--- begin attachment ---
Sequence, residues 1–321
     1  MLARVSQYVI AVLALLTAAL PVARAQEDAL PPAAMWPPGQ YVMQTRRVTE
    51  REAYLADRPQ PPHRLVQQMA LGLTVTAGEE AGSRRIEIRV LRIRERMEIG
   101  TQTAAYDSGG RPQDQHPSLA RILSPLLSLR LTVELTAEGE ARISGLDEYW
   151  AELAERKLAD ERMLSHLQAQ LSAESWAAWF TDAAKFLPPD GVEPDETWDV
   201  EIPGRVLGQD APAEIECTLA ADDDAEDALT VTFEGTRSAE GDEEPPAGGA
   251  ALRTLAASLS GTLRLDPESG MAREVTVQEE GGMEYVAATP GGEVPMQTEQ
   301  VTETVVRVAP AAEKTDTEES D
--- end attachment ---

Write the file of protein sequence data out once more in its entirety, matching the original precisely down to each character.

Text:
Sequence, residues 1–321
     1  MLARVSQYVI AVLALLTAAL PVARAQEDAL PPAAMWPPGQ YVMQTRRVTE
    51  REAYLADRPQ PPHRLVQQMA LGLTVTAGEE AGSRRIEIRV LRIRERMEIG
   101  TQTAAYDSGG RPQDQHPSLA RILSPLLSLR LTVELTAEGE ARISGLDEYW
   151  AELAERKLAD ERMLSHLQAQ LSAESWAAWF TDAAKFLPPD GVEPDETWDV
   201  EIPGRVLGQD APAEIECTLA ADDDAEDALT VTFEGTRSAE GDEEPPAGGA
   251  ALRTLAASLS GTLRLDPESG MAREVTVQEE GGMEYVAATP GGEVPMQTEQ
   301  VTETVVRVAP AAEKTDTEES D